Little is known about “La Maroma,” a traditional religious ceremony in southern Mexico that strangely resembles a circus. What we do know is that in rural areas of the Oaxaca and Puebla states, people travel high into the mountains to be a part of the artistic performance, which includes clowns, poetry and even acrobatics. Why do they do it? That’s a little less clear.
When Mexico City photographer Walter Shintani first read about Maroma (literally translated as “cartwheel”) in the newspaper, he was immediately intrigued, and he knew he had to learn more about the strange ceremony. He quickly contacted people from the area and scheduled time to see a performance.
The main interest for me in this subject—at the beginning of it at least—was to try to bring the people “alive” as this tradition is no longer followed by the younger generations. The idea of clowns in the mountains was a bit surrealistic and I wanted to make it visible, so I traveled around the region to achieve this.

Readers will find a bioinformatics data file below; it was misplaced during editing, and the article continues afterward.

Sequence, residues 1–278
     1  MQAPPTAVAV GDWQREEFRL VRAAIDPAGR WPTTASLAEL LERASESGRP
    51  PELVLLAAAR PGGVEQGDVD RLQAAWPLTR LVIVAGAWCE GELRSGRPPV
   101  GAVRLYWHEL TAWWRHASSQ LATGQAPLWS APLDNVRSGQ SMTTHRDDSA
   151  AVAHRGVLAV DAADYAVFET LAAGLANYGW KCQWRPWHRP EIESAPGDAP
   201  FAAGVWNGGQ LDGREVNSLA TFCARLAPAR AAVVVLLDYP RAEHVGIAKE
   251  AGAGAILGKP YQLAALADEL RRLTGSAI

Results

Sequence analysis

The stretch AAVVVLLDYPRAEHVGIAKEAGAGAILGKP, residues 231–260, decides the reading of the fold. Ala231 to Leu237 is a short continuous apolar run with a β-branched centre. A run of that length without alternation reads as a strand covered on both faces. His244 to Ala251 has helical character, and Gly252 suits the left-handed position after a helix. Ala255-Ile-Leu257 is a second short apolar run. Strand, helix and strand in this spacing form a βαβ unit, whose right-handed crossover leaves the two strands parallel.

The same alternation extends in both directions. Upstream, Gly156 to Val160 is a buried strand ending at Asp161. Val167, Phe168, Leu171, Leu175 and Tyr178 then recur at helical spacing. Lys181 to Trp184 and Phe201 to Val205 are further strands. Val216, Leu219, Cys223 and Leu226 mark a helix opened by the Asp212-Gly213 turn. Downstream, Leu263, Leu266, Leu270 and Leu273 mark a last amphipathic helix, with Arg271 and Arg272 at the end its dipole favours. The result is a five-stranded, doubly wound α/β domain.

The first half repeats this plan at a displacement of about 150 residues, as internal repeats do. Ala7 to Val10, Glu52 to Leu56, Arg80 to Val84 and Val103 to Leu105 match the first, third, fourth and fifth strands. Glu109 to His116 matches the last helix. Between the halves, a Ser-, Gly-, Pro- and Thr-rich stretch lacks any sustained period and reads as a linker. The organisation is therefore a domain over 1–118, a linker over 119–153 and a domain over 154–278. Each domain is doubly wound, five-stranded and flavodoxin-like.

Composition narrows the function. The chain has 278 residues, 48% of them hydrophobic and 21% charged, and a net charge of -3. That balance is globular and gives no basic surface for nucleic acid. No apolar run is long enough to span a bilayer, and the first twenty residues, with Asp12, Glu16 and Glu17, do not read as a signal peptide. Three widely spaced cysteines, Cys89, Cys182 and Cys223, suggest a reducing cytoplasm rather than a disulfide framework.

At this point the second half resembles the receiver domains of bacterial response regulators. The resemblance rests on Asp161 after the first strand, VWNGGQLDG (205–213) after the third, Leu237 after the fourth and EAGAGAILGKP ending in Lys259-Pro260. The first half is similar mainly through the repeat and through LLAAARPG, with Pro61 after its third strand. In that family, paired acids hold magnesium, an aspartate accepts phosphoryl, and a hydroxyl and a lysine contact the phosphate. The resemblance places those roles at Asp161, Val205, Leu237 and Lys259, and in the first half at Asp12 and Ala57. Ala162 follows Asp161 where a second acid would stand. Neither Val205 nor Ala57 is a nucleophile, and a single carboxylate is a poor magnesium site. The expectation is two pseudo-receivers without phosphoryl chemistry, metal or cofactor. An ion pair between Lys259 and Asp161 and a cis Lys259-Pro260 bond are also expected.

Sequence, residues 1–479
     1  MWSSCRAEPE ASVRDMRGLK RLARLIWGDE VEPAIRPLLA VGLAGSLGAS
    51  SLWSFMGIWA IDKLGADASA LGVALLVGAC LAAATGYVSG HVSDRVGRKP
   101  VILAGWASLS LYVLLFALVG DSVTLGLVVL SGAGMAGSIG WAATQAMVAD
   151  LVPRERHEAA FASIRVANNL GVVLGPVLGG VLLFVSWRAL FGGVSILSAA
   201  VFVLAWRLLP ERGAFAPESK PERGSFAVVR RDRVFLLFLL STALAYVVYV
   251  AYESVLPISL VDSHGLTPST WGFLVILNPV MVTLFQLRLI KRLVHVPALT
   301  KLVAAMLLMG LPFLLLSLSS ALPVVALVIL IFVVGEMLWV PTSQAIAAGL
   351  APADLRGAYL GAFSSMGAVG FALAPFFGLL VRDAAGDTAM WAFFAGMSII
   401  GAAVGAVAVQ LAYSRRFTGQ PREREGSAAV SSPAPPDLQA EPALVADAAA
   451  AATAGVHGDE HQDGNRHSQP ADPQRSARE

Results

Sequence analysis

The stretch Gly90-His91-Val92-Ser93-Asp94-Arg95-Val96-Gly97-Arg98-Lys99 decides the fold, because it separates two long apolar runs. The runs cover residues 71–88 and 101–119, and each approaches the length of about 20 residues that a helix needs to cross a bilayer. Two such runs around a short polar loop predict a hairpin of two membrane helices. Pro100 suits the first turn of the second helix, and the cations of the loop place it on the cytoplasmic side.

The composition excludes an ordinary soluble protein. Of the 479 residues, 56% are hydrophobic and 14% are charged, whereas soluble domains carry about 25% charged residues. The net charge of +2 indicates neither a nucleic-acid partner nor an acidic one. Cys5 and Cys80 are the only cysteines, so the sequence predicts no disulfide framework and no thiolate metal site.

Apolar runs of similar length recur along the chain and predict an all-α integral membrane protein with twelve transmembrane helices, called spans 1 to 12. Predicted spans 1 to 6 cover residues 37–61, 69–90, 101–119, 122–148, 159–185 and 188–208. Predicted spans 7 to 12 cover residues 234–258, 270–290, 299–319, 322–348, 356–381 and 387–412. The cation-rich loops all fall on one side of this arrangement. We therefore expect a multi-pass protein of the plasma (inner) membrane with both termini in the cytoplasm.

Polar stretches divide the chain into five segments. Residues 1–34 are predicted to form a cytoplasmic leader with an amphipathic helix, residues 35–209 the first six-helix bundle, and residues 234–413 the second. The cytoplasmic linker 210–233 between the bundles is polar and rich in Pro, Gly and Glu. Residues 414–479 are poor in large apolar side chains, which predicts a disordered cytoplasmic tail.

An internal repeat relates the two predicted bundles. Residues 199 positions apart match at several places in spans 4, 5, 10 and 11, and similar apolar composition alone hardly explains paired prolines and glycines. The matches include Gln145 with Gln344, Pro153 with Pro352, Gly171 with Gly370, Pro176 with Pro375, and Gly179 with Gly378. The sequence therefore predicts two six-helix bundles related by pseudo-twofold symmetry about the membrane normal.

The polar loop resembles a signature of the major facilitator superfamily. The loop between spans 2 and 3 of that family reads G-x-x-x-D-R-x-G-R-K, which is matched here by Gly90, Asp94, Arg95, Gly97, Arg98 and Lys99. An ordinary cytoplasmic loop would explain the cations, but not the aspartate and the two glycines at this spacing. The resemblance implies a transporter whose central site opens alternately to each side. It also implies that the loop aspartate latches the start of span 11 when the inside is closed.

Walter got the performers to open up to him and feel more comfortable by bringing them pictures and connecting with them on everyday issues. He also thoroughly prepared for each visit before he went over—regular phone calls and emails with the fixers helped him stick to the plan. While the idea of clowns as part of a religious ceremony seems foreign to us, the tradition is practiced among several cultural groups in Mexico. Hundreds of years ago during the Spanish conquest, Maroma was very popular, but faded out as the country developed, so performances like the ones here are becoming more rare.
Walter said people who have seen the photos have been surprised, since the subject is little known, even in Mexico. He plans to continue shooting the project, and in the future, he’d like to take a different approach to the characters in the series—possibly even bring them into his studio and photograph them in a different way.
To see more of Walter’s work, visit wshintani.com.